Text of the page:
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Home Blogs Teacher Workforce: An Overview of Challenges in the West Region
With the 2022 school year now in full swing, most K–12 students have returned to an in-person learning environment.1 However, a continuing question at the national and state levels is whether there are enough teachers in classrooms to create a consistent and effective learning environment. When classrooms lack qualified teachers, student achievement and student success are affected. Teacher shortages can significantly depress student achievement, as schools often cancel courses due to vacancies or staff classes with substitutes and underprepared teachers who are not certified to teach their subject matter. Underprepared teachers leave their schools at 2 to 3 times the rate of those who enter with comprehensive preparation. High turnover rates, in turn, can contribute to staff instability that disrupts relationships with students and other teachers, undermines professional learning, and impedes collaboration, all of which are critical to creating the supportive environments students need after nearly two years of disrupted learning.2 This blog post shares high-level data around the teacher pipeline and teacher attrition both nationally and in the West Region.
Compared to other aspects of the educational experience, teachers have a significant impact on student achievement.3 Research has demonstrated that teachers have two to three times the effect of any other school factor, including school and district administration, on student performance on reading and math tests.4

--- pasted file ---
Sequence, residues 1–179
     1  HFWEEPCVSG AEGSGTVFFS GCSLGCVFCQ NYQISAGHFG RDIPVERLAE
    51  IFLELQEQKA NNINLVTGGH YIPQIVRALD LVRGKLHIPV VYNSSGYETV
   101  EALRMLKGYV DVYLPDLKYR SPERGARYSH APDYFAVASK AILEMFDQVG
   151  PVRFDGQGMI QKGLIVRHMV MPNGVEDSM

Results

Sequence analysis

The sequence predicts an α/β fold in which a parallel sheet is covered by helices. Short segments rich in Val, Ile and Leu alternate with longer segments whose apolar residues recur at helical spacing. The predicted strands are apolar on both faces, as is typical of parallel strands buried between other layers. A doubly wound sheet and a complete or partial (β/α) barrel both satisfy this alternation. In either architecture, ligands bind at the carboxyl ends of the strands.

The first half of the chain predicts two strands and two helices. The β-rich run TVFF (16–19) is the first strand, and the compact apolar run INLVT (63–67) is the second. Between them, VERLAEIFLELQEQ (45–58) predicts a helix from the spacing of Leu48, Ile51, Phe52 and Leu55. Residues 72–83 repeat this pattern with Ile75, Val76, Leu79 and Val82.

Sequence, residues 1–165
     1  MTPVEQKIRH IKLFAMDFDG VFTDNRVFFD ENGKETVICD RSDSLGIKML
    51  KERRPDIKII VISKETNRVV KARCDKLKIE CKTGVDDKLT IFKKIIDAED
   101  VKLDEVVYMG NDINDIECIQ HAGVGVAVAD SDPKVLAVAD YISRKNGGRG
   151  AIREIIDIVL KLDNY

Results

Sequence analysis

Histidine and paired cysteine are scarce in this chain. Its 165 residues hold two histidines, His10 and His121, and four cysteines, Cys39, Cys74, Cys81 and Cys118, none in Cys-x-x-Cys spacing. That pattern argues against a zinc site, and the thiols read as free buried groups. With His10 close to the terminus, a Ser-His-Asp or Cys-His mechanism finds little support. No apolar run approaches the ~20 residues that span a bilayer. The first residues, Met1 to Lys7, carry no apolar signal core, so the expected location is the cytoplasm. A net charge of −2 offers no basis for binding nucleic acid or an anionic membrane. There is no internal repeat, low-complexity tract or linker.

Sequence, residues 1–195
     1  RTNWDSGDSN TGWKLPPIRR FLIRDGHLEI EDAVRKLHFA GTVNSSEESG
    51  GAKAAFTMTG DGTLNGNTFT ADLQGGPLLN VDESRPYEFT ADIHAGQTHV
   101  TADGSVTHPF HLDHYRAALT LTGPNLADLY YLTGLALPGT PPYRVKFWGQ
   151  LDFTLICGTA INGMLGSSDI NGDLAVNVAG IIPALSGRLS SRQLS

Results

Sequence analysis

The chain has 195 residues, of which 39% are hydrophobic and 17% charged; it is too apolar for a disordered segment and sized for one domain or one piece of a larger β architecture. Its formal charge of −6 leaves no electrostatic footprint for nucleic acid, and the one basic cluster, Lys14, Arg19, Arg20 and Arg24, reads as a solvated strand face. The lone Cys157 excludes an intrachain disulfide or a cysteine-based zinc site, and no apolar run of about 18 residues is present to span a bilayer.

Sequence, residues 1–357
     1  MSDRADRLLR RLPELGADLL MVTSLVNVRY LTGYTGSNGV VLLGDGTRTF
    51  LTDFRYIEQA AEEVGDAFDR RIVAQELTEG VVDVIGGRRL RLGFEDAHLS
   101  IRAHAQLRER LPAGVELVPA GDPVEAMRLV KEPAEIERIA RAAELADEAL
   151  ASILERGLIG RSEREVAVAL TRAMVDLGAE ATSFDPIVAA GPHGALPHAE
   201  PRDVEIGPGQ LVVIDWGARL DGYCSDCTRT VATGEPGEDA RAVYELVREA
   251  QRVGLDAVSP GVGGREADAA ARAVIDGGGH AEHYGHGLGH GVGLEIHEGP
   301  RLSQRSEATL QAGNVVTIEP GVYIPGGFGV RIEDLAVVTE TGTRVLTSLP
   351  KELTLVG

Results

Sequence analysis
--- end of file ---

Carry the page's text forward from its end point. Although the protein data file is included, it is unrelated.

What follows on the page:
Teacher vacancies are notably higher in schools with more students from low-income families and more students of color. In January 2022, data from the Institute of Education Sciences School Pulse Survey indicated that schools with higher percentages of minority students were more likely to report higher proportions of vacant positions than those with lower percentages of minority students. In addition, data indicates that schools in higher-poverty areas had at least 5 percent of their teacher positions vacant at a higher rate than schools in lower-poverty areas.5
These issues are not new and point to systemic challenges in creating equitable school environments for low-income students and students of color.
With this framing of the issue and impact of teacher shortages on students, the following provides an overview of the national landscape of teacher shortages and specifically looks at the region served by REL West.
The pipeline of future teachers has been decreasing for decades. Between the 2008/09 and 2018/19 academic years, the number of people completing a teacher education program dropped by nearly a third.6 Data also revealed that, over the past 50 years, the number of education degrees awarded plunged from 200,000 annually in the 1970s to fewer than 90,000 in 2019.7 And then COVID-19 hit.
Attrition and Teacher Vacancies
Prior to the pandemic, about 8 percent of teachers left the teaching profession each year and the majority of attrition typically occurred with teachers in the first five years of beginning their teaching careers. According to the RAND Corporation's American Teacher Panel from 2021, as many as 25 percent of teachers were considering leaving their teaching position.8 Having to change instruction modes, health concerns, and high levels of job burnout were all reported as reasons teachers left the profession during the pandemic.9
Digging into the data shows that teacher shortages vary by school location. Even within the same district, some schools—particularly those in wealthier neighborhoods—experience less teacher turnover and were more likely to start the school year with a full staff in 2020.10